Moo is awesome. Moo makes business cards exciting and different. Moo is also mastering the art of word of mouth marketing by offering various promotions in conjunction with various very cool and talk-friendly companies (ie. 10,000 FREE sets of 10 Flickr mini cards, or 10,000 FREE sets of 10 Skype mini cards)
Redefining Business Cards
The concept of the mini card is interesting for business owners, gone are the days where a business card was really kept. These days, they are simply the way of transporting your contact information from you to someones elses phone/contact database or other contact storage device, and once this task is complete, they are trashed.
Moo makes this process more fun – each card is different and very nice to look at, they are more convenient and earth friendly (being smaller) and they have managed to single handedly refresh the way I look at business cards. Excellent work :)
Keep and Eye Out
Not entirely convinced by my gushy blog post? Keep an eye on their blog for the next freebie and send away to see for yourself (I seem to be a bit slow off the mark these days and am yet to be one of the top 10,000)
When you are a computer geek it is difficult to find the time to leave your computer and get active. Web 2.0 has responded to this dilemma in true web 2.0 style, combining the real world, communities, goal tracking and feedback, all mixed together in simple, fun looking applications that give you that same 'I will really stick with it this time' feel as you get from infomercials.
When Tim from Silverstripe put us onto Traineo, I instantly fell in love. Aside from their magnificent website, what is suprememly cool is the fact that you nominate 4 friends to act as your excercise interrogators – if you fail, they will know and they will taunt you and make you feel like the loser that you are. Excellent. I guarantee you that if you pick the right friends, you are well on your way to the fit, happy lifestyle you've always wanted.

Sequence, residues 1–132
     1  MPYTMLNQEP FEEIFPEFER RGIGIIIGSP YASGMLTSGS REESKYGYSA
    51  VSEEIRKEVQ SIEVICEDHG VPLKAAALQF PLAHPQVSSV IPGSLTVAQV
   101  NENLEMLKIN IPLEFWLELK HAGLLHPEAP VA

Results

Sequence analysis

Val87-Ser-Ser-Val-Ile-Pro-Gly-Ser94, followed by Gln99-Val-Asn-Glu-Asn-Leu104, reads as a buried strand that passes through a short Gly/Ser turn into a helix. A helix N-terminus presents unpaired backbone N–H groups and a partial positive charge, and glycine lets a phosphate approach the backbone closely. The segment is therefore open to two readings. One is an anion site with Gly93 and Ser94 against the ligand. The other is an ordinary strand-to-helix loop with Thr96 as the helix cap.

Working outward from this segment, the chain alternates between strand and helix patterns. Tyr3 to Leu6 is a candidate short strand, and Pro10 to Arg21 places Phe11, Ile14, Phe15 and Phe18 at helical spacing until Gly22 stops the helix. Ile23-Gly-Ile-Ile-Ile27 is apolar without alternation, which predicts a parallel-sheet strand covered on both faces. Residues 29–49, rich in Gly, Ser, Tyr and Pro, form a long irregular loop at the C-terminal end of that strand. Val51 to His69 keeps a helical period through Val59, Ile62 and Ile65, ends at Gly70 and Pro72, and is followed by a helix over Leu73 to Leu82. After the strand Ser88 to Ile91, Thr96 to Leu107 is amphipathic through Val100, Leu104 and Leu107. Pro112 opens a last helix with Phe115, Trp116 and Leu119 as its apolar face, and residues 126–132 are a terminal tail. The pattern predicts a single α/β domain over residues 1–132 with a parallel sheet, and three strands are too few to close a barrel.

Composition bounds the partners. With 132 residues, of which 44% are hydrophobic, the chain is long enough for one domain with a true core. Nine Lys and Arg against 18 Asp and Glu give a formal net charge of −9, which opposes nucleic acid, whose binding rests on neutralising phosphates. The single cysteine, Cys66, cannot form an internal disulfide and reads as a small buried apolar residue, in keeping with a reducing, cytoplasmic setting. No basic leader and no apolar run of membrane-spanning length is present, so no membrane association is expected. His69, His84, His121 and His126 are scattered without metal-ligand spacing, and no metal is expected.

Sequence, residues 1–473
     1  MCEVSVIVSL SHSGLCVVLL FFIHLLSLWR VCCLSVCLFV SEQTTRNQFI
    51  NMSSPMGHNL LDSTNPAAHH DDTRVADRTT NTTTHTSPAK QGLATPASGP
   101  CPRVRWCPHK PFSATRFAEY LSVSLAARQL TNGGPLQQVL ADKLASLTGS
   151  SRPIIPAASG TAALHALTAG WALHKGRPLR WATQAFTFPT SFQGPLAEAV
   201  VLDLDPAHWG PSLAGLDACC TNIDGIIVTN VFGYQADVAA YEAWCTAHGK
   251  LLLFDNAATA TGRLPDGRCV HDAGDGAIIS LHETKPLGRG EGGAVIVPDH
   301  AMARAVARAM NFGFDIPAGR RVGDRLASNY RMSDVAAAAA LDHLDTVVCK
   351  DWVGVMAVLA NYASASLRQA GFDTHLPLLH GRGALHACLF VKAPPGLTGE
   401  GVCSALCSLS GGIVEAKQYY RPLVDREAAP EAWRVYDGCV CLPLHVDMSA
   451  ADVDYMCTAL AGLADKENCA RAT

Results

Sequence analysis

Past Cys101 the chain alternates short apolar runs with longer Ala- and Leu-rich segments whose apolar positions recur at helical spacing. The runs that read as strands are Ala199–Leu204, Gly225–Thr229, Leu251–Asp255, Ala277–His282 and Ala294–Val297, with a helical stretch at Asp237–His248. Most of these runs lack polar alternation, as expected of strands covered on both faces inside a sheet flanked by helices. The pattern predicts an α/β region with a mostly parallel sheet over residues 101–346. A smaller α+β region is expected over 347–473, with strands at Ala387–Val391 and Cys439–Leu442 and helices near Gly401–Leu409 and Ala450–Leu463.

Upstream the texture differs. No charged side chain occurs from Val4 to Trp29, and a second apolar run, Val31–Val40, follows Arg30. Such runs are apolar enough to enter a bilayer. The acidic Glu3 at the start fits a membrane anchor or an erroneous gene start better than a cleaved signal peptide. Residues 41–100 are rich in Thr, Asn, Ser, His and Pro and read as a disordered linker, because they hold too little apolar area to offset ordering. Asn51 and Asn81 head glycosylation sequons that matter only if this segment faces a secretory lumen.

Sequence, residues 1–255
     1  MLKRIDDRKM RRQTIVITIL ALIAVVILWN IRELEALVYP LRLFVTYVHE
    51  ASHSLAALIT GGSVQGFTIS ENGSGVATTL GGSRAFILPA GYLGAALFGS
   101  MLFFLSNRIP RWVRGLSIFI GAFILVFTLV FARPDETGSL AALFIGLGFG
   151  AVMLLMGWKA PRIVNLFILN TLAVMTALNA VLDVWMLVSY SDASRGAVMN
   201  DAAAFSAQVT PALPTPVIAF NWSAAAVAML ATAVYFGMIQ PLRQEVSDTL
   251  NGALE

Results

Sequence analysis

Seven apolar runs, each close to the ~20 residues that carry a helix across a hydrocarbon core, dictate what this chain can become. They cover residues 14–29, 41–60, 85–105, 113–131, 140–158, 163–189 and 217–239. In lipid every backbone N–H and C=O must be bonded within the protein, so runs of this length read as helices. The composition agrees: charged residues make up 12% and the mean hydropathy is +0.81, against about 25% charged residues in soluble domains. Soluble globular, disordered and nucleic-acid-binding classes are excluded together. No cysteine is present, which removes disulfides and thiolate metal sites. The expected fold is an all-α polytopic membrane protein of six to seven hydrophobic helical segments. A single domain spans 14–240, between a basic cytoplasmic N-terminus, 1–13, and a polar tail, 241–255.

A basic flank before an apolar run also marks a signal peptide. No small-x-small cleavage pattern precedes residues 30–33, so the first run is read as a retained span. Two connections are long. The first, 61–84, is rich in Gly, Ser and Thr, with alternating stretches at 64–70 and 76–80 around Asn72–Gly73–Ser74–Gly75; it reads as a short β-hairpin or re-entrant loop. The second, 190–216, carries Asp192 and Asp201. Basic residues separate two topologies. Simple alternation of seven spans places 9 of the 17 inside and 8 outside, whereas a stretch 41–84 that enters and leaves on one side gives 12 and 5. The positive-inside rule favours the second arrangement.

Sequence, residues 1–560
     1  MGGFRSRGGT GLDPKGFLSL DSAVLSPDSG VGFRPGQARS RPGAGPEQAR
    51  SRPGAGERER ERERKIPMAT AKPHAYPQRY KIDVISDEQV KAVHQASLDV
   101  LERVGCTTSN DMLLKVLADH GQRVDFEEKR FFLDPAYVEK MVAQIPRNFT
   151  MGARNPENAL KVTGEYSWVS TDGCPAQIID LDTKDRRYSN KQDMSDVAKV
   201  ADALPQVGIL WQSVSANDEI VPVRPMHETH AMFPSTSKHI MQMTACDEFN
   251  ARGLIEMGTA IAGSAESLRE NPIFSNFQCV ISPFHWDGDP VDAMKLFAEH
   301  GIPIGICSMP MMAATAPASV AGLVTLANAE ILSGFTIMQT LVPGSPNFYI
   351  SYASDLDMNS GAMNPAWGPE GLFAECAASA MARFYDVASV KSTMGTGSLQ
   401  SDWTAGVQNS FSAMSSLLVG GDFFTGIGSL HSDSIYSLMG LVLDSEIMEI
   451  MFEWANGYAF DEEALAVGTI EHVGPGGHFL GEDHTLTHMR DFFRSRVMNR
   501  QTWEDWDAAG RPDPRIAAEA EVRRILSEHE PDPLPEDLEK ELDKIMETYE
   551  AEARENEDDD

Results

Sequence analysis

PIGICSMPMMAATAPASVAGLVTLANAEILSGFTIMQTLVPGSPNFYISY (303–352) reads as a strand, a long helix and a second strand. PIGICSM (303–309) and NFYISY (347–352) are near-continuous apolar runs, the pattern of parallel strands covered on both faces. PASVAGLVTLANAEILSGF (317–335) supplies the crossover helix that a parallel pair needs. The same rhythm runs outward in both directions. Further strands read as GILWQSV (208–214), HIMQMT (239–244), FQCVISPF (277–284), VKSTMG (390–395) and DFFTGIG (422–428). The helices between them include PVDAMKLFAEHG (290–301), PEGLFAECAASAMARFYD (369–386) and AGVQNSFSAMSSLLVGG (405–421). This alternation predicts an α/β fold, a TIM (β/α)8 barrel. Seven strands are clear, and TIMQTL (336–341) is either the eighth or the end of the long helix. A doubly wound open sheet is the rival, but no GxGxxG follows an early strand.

It's been a while since we profiled a web 2.0 tool. There are a few reasons for this, one of which is the 'stagnation' of the space – Although there are about 5 Basecamp clones launching weekly, the stream of tools that attack different problems is fast turning into a trickle. However, this is not a gripe, because I found one such tool, and I think it's great.
LogoPond Helps you Test Your New Logo
I love how simple it is. You're a small business, your developing a new logo, you can't afford mass market research or hoardes of expert opinions. So you chuck it up on LogoPond
and let the community rate your effort (or efforts if you've got a few potential options). This place is full of logo designers, which means expert advice for free – not something you get offered every day. In return, you can't help but rate other logos, or browsing through the site for inspiration.
I f you're feeling particularly brave, push your current logo into the viper nest to see if it's time for an upgrade – or try your competitor's logo for a bit of Monday Morning Sport.
I break out in a cold sweat when I consider saying ANYTHING negative about Basecamp out in the open – I have seen others bombarded with hate mail for mentioning 'Basecamp' and 'Not perfect' in the same sentence. However, over here, we're thinking very seriously about web 2.0 applications, what is missing and what holes need filling. So my eyes just got a whole lot more critical.